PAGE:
Clowney putting together special season

South Carolina's Jadeveon Clowney gets pressure on Georgia quarterback Aaron Murray during third-quarter action in Columbia, S.C. on Sat., Oct. 6, 2012. (Photo by Travis Bell/SIDELINE CAROLINA)

COLUMBIA — Back at home in Rock Hill, Josenna Clowney has already watched the play several times on her DVR — and marveled at it.

There was her son, Jadeveon, lining up and leaning forward, his fingertips pressed into the grass at Williams-Brice Stadium on Saturday night. South Carolina led Georgia 21-0 with 4:21 left in the first half. The Bulldogs, desperate for a touchdown, went for it on fourth down and goal at the 2-yard line. Across from Clowney was Georgia’s left tackle, Kenarious Gates.

The ball was snapped. Clowney burst out of his stance and took three quick steps, moving initially to his right — the outside edge of the play. Gates tried to cut-block him by rolling into his legs. Instead of going around Gates, Clowney leaped over him, just as Gates was about to hit his knees. Gates wasn’t even completely on the ground yet, just bent over.

With seamless high hurdler form — lead with the right leg, drag the left, keep running — Clowney sprinted straight at quarterback Aaron Murray. He had to rush a pass to Rantavious Wooten, who was stopped where he caught it, at the 1-yard line. As Gates pulled himself off the grass, he turned around, looked into the backfield and perhaps wondered what in the world just happened.

Clowney’s mother couldn’t quite believe it, either.

“You were high,” she told her son after watching the replay.

“All right, Ma, that’s enough of that,” Clowney replied.

USC’s 35-7 win over Georgia was a national showcase game for Clowney, a sophomore defensive end. It was the midpoint of an undefeated regular season whose magic will grow if No. 3 USC beats No. 9 LSU this weekend in Baton Rouge. It was also essentially the midpoint of Clowney’s career, as many observers believe he will be the first pick in the 2014 NFL draft. He is doing his best to deflect praise, even from his mom, as he quickly becomes one of college football’s best players — so impressive against Georgia that he is being mentioned as a potential candidate for the Heisman Trophy, which just one primarily defensive player has ever won.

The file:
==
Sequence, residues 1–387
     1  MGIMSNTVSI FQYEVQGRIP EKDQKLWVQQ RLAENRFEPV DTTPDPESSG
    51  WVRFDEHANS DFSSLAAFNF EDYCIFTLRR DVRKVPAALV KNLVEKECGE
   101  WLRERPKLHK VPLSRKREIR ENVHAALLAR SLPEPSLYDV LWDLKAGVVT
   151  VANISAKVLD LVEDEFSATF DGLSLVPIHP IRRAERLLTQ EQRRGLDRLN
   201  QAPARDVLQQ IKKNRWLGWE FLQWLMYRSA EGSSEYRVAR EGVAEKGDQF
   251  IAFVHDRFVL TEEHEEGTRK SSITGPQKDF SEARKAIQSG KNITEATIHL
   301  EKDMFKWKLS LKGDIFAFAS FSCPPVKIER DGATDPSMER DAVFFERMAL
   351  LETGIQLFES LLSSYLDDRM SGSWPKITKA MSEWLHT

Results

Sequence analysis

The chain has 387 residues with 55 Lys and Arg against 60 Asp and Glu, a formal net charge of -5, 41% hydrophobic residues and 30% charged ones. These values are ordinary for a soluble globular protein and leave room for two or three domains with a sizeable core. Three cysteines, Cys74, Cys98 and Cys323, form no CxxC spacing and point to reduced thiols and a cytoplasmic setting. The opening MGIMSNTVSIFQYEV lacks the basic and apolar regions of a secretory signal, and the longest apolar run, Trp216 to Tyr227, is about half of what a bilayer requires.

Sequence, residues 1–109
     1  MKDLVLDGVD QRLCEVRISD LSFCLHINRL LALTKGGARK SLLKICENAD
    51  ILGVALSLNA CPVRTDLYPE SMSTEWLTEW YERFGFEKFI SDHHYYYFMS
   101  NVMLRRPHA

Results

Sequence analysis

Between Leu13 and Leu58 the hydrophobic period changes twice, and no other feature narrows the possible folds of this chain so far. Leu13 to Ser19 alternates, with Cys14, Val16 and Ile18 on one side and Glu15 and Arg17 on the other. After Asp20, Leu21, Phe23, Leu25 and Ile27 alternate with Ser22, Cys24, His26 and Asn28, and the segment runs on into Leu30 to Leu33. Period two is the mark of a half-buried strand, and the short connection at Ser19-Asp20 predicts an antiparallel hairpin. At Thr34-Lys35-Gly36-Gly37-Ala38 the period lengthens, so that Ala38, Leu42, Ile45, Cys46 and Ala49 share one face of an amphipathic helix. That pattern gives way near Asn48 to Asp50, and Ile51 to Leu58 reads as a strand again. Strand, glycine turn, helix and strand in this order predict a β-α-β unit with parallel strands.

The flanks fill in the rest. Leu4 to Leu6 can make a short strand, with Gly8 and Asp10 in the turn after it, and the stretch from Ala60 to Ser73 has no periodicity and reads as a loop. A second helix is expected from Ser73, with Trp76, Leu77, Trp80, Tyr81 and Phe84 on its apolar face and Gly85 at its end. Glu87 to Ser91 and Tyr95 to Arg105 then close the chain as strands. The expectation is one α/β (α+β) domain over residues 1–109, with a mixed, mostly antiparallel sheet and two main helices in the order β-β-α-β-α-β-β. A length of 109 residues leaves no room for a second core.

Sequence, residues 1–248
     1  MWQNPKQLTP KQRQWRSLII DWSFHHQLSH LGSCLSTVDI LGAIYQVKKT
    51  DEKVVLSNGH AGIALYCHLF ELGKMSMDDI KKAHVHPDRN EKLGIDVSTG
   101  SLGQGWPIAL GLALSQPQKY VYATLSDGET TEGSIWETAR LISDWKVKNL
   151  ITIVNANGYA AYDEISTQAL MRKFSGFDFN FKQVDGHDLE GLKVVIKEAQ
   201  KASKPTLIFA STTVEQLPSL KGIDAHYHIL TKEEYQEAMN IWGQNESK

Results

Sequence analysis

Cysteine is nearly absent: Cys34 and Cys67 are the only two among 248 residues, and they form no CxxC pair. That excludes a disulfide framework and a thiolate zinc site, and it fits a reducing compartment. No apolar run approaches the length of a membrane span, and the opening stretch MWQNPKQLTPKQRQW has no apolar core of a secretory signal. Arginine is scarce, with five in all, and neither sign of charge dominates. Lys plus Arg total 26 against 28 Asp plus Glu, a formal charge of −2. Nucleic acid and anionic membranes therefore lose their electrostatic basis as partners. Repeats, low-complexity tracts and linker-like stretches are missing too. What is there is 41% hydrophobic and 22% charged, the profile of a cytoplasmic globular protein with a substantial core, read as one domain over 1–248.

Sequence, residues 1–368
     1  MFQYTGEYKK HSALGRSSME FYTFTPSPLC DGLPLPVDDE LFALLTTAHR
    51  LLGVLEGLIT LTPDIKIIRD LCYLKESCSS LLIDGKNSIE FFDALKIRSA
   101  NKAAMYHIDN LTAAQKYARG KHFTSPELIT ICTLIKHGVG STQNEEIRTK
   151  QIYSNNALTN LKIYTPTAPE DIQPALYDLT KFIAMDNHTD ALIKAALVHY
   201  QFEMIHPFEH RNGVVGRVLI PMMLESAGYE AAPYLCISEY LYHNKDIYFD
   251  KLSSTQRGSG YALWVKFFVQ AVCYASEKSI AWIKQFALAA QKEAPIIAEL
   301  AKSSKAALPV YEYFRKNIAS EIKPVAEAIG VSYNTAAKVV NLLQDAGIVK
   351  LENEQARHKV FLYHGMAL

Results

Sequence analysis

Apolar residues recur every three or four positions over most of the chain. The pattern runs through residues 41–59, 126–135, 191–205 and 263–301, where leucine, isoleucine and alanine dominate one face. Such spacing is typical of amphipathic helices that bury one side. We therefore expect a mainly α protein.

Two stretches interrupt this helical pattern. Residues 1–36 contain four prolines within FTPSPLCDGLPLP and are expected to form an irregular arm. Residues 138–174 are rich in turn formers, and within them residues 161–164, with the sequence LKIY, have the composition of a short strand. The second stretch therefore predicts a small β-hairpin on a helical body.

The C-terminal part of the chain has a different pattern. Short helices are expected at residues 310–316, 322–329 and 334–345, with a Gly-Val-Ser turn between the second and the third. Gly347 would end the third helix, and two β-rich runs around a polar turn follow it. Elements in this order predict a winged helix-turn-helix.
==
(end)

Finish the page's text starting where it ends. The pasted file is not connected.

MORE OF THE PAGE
“I’ve just been laughing about it,” Clowney said of the Heisman talk.

He is chasing bigger goals this season for USC, and in the future for himself. Of course, success is not new to him. He was the nation’s top-ranked recruit. As a true freshman last season, he had eight sacks and five forced fumbles, despite not starting and knowing so little of the defensive scheme that teammates had to tell him where to go before plays.

His two tackles for loss and a sack against Georgia — by no means a complete measure of his impact on the game — increased his season totals to 11½ tackles for loss and 6½ sacks, and his career totals to 23½ and 14½. He should at least approach USC’s season and career records in both categories — 19½ and 54½ tackles for loss, 10 and 29 sacks.

He is better this season because he is smarter, combining a sharper sense for the game with the athleticism and instincts he long enjoyed — the traits that he demonstrated while hurdling Gates, which he said he has done to other opponents.

Earlier in the game, Clowney was also wise enough to notice Murray tapping his center’s hip whenever he wanted the snap, because of crowd noise. Clowney acknowledged that, last season, his mind wouldn’t have been clear enough to recognize that tendency.

“I think I’d be too wrapped in trying to figure out what I need to do on that play,” he said.

Now, he knows USC’s entire defensive plan. On certain plays, the ends must watch the offensive tackle as the ball is snapped, to “read” the tackle’s movements. On others, the ends must watch the snap of the ball, before bursting out of their stance.

“Last year, I used to look at the ball every play,” Clowney said.

He also wised up by using his hands more this season to create separation, because plowing into tackles with your shoulder doesn’t work as well as it did in high school, against weaker players.

Defensive line coach Brad Lawing said Clowney no longer needs direction from teammates before the snap. But Lawing has not stopped pushing Clowney.

“You could be a first-round pick, or you could be the first pick,” Lawing said he tells Clowney “all the time.”

Impressing NFL crowds will have to wait. For now, Clowney will settle for wowing his mom, his coaches and, with those special plays worth rewinding, even himself.

“I didn’t even know I jumped over him clean like that,” he said. “It was just something that just happened.”